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Karl Sanders - Saurian Apocalypse review



Reviewer:
N/A

19 users:
7.84
Band: Karl Sanders
Album: Saurian Apocalypse
Release date: July 2022


01. The Sun Has Set On The Age Of Man [feat. Rusty Cooley & Pete Hammoura]
02. The Disembodied Yet Slither Among Us
03. The Evil Inherent In Us All
04. Skull Fuck Ritual (Skull Breach Edition)
05. Nada Zaag
06. An Altered Saurian Theta State [feat. George Kollias & Mustafa Stefan Dill]
07. Nihil Emplexus
08. Divergence: The Long Awaited Third Primordial Ascension
09. Mask Of Immutable Self Delusion
10. No Creature More Deserving Of Cataclysmic Annihilation [feat. Matthew Kay & Jonathan Garofoli]


First Meditation, then Exorcisms, and now, after long last, an Apocalypse: Karl SandersSaurian series has escalated dramatically as time’s gone on.

Karl Sanders is known to most of the world as the guitarist, vocalist and founding member of American death metal band Nile, a group that have hardly hidden their infatuation with ancient Egyptian and Mesopotamian cultures. Sanders has even gone from playing in an Egyptian-themed death metal band to making guest contributions in actual Egyptian death metal bands, appearing on 2020 releases from both Scarab and Nader Sadek. However, long before this, Sanders dived deep into his fascinations in the form of his solo project, which effectively took the acoustic and atmospheric interludes from Nile’s early records and turned them into the core sound of full albums. This project lay dormant for a long time, but 13 years on from Saurian Exorcisms, Sanders the solo artist has returned.

Karl Sanders as a project started off pretty much as an ambient record, and it’s still a central component on Saurian Apocalypse. For the first couple of minutes, “The Sun Has Set On The Age Of Man” transports listeners to sandswept lands on a foundation of tribal percussion, atmospheric drones and flutes. However, there’s nothing ambient about the acoustic guitar shred solo from virtuoso Rusty Cooley that covers most of the second half of this track, and there’s more moments across the record that move away from ambience towards something more substantial. “The Evil Inherent To Us” in particular is hardly relaxation-worthy material, with returning session vocalist Mike Breazeale delivering some disconcerting interjections in this rather groovy cut; replace the acoustic guitars with distorted electrics and this would translate readily into an alt-metal effort (surprisingly, the rather aggressively titled “Skull Fuck Ritual (Skull Breach Edition)”, is far more contemplative and quieter in comparison). While the ambient vistas Sanders conjures across this album remain as compelling as they did on Saurian Meditations, it’s good to hear him dabbling with actual riffs and more energetic arrangements this time around.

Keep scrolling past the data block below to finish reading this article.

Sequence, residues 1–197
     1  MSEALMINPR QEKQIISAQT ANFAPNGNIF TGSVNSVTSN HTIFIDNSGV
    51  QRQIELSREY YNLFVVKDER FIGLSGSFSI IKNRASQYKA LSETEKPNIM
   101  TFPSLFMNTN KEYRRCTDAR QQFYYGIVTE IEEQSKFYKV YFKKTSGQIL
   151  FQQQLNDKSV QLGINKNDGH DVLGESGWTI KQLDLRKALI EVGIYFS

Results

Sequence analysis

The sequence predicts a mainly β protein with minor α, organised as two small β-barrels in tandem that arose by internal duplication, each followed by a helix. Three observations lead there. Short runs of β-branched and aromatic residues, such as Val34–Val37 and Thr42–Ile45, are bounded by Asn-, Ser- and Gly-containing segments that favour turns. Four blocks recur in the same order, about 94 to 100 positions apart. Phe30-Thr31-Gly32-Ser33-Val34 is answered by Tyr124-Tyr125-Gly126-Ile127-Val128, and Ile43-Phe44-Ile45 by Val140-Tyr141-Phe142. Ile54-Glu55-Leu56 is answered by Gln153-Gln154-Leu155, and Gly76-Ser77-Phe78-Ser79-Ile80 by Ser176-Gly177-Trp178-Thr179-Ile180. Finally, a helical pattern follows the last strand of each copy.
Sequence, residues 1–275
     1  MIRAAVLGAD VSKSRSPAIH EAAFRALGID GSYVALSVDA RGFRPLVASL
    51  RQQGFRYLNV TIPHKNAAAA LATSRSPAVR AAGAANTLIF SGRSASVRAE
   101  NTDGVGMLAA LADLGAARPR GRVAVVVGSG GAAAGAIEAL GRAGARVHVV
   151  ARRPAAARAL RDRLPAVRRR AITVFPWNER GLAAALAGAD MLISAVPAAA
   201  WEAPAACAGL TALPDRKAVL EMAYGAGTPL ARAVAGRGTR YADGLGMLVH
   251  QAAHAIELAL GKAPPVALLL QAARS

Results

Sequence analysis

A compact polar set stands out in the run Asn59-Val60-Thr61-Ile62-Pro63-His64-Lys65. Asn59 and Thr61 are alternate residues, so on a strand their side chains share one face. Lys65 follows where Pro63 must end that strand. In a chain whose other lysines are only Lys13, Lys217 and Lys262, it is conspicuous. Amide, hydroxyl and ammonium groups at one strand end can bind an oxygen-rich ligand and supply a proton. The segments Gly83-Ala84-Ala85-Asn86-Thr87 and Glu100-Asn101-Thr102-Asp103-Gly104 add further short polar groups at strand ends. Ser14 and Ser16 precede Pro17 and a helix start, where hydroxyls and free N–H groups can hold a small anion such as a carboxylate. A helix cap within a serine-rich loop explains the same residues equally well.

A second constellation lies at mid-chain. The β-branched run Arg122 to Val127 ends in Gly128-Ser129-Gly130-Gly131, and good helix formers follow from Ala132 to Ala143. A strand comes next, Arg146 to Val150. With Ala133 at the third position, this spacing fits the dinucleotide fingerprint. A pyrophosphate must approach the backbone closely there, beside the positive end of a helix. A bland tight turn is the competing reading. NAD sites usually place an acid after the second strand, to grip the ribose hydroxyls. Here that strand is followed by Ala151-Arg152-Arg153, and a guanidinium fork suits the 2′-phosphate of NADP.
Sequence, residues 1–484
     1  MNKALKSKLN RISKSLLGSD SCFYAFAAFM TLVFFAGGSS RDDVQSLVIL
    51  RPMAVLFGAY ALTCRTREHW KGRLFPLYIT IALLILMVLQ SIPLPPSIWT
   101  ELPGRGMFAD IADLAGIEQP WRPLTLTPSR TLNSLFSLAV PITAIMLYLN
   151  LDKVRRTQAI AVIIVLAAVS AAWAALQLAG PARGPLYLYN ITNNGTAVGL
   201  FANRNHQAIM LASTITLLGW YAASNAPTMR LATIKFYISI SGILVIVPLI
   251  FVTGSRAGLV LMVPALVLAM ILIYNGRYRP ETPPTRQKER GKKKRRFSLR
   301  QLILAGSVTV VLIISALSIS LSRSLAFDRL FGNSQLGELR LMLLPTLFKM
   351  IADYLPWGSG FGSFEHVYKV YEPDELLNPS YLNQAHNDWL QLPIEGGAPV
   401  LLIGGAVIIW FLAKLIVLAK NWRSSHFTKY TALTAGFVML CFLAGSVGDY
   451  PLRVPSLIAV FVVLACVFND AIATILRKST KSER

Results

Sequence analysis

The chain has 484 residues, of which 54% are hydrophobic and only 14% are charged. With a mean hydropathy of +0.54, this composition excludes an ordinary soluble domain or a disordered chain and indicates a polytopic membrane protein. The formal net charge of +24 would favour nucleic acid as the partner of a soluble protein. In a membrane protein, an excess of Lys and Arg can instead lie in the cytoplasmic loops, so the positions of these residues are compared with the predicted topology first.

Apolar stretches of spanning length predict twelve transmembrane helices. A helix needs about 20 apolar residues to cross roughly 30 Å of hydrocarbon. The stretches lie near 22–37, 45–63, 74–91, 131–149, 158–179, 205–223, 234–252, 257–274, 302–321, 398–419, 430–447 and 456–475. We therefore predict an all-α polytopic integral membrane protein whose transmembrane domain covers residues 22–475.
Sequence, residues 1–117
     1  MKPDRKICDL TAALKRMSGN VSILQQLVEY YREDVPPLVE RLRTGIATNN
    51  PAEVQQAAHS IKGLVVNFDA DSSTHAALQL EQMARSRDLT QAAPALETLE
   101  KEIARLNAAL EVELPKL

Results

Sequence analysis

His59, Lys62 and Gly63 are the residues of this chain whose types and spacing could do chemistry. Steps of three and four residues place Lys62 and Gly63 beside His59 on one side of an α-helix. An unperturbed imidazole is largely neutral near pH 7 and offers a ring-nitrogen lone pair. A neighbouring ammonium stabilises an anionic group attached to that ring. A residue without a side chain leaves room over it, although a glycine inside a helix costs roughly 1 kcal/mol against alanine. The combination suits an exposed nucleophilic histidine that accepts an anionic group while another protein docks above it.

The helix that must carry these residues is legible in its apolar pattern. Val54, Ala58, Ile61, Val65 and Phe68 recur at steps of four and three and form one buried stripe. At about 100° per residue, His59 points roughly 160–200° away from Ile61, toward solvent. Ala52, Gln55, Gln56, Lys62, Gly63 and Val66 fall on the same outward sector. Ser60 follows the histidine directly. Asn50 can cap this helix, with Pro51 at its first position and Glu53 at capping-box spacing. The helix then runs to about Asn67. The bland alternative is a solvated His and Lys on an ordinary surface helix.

Sanders has featured a range of Eastern instruments on his solo albums, and Saurian Apocalypse is no exception, with appearances from the baglama saz, sistrum, dumbek and glissentar, among others. Another instrument, the oud, is given a chance to shine on “An Altered Saurian Theta State”, with guest musician Mustafa Stefan Dill delivering an impressive solo; Dill isn’t the only guest on this track, as Nile’s George Kollias pops up to perform some drums. These drums are credited as acoustic jazz drums in the album blurb, but there’s definitely a heaviness to this section that makes it clear why Kollias was brought into the fold. Another instance in which hints of Sanders’ metal background seep through is an electric guitar solo in “Divergence: The Long Awaited Third Primordial”; on this occasion, the guitar isn’t shredding like Cooley did with his acoustic, but the exaggerated whammy of the elongated notes adds a sinister tone to what was already a subtly dark composition. The volume on Saurian Apocalypse reaches a peak midway through “No Creature More Deserving Of Cataclysmic Annihilation”, as a dramatic crescendo of strings and horns evoke a temporary sense of panic.

You may have noticed I’ve neglected to score this review; to be honest, I don’t have much frame of reference for rating an album such as this. What I can say is that, for the most part, I found Saurian Apocalypse to be a subtly captivating album; I especially enjoyed the dronier and more percussive sequences. Some of the more eclectic moments didn’t quite click for me, such as Cooley’s wild acoustic guitar solos, but these were a minority, and some of the diversity that Sanders brought into the fold this time around helps keep the record fresh for most of its runtime. Saurian Apocalypse further benefits from what is a pretty great production, something that's grown since the project’s initial records. Overall, I consider this to be a successful return from the Karl Sanders project; if nothing else, I’d probably be more inclined to listen to this again than most recent Nile albums.





Written on 21.07.2022 by Hey chief let's talk why not


Comments

Comments: 2   Visited by: 101 users
22.07.2022 - 13:16
Panzer

Thanks for the review!
I got all three records yesterday by mail and hope the new one is as good as the first two releases. Loved "Saurian Meditation" and "Saurian Exorcisms".
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22.07.2022 - 21:54
Rating: 10
Hellcult

Cool review
I love everything Karl creates and it's no different with 'Saurian Apocalypse', I am also much into Egyptian mythology and that get my hyped a bit more then others.
Anyway thx for the review
----
And I see the blade fall down upon the head of lord in heaven
And Darkness falls upon the end of history
While I drink the milk of the Black Goddess and cry over the mankind

Black Moses is my name...
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